The National Geographic Society's Committee for Research and Exploration and the National Science Foundation supported the research. 

Brendan M. Lynch | Eurek Alert!
Further information:
https://news.ku.edu/2014/08/12/conservation-philippine-tarsier-gets-boost-kansas-along-discovery-new-variety

Further reports about: Biodiversity Conservation DNA Exploration animals diversity habitat species

More articles from Ecology, The Environment and Conservation:

nachricht Litter is present throughout the world’s oceans: 1,220 species affected
27.03.2017 | Alfred-Wegener-Institut, Helmholtz-Zentrum für Polar- und Meeresforschung

nachricht International network connects experimental research in European waters
21.03.2017 | Leibniz-Institut für Gewässerökologie und Binnenfischerei (IGB)

All articles from Ecology, The Environment and Conservation >>>

The most recent press releases about innovation >>>

Die letzten 5 Focus-News des innovations-reports im Überblick:

Im Focus: A Challenging European Research Project to Develop New Tiny Microscopes

The Institute of Semiconductor Technology and the Institute of Physical and Theoretical Chemistry, both members of the Laboratory for Emerging Nanometrology (LENA), at Technische Universität Braunschweig are partners in a new European research project entitled ChipScope, which aims to develop a completely new and extremely small optical microscope capable of observing the interior of living cells in real time. A consortium of 7 partners from 5 countries will tackle this issue with very ambitious objectives during a four-year research program.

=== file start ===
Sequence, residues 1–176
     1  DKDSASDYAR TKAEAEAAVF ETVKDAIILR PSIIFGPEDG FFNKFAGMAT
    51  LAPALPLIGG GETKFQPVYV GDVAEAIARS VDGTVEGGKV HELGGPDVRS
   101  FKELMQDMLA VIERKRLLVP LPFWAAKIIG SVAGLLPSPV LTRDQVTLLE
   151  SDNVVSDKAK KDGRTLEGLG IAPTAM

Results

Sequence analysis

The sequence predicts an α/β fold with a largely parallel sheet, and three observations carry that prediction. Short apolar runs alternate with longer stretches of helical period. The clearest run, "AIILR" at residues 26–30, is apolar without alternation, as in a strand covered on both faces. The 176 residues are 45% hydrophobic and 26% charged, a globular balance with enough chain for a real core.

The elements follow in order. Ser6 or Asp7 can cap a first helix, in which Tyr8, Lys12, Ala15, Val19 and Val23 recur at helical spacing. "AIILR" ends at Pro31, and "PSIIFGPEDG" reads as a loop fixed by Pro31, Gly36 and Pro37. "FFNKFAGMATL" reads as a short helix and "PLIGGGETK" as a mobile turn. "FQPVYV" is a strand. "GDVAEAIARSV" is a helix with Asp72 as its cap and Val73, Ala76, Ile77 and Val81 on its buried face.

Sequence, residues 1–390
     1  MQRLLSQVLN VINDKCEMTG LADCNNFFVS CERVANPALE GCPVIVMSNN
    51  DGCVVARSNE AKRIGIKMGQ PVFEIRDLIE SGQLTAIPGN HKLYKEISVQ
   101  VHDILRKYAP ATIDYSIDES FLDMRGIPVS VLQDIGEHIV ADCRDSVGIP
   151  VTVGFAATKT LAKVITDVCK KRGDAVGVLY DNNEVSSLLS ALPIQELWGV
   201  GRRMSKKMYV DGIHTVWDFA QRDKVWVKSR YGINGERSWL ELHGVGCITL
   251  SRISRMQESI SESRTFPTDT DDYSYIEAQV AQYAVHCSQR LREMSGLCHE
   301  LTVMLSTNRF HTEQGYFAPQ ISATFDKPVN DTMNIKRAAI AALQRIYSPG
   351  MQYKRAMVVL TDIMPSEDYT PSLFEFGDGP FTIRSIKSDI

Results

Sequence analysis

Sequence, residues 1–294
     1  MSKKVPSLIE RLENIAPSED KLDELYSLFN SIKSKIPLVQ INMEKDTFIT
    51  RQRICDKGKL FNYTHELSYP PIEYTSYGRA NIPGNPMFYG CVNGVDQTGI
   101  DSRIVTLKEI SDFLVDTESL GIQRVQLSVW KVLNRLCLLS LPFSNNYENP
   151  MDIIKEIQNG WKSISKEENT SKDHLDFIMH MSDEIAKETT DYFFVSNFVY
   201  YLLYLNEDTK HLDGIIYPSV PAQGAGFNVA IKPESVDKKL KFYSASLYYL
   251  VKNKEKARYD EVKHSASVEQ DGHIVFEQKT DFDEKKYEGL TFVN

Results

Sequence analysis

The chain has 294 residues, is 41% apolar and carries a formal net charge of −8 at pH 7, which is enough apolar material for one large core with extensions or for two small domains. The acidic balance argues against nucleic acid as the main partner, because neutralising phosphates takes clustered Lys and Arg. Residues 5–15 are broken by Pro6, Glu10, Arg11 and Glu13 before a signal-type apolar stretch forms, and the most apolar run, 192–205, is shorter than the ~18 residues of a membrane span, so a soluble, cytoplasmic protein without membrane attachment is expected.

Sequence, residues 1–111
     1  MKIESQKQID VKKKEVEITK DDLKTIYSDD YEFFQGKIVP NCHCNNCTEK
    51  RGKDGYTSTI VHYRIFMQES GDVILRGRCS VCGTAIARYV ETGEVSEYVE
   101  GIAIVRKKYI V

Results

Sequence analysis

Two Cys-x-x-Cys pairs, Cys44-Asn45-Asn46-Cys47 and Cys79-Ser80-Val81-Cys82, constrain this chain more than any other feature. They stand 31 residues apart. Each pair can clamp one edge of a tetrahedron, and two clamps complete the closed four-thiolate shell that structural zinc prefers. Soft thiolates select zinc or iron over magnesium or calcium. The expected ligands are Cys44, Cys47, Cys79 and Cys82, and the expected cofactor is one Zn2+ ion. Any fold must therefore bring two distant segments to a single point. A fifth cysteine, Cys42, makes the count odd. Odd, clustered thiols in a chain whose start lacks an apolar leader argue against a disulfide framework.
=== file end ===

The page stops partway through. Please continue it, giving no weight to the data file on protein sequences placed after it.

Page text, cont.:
To demonstrate the usefulness of this new scientific tool, at the end of the project the developed chip-sized microscope will be used to observe in real-time...

Im Focus: Giant Magnetic Fields in the Universe

Astronomers from Bonn and Tautenburg in Thuringia (Germany) used the 100-m radio telescope at Effelsberg to observe several galaxy clusters. At the edges of these large accumulations of dark matter, stellar systems (galaxies), hot gas, and charged particles, they found magnetic fields that are exceptionally ordered over distances of many million light years. This makes them the most extended magnetic fields in the universe known so far.

The results will be published on March 22 in the journal „Astronomy & Astrophysics“.

Galaxy clusters are the largest gravitationally bound structures in the universe. With a typical extent of about 10 million light years, i.e. 100 times the...

Im Focus: Tracing down linear ubiquitination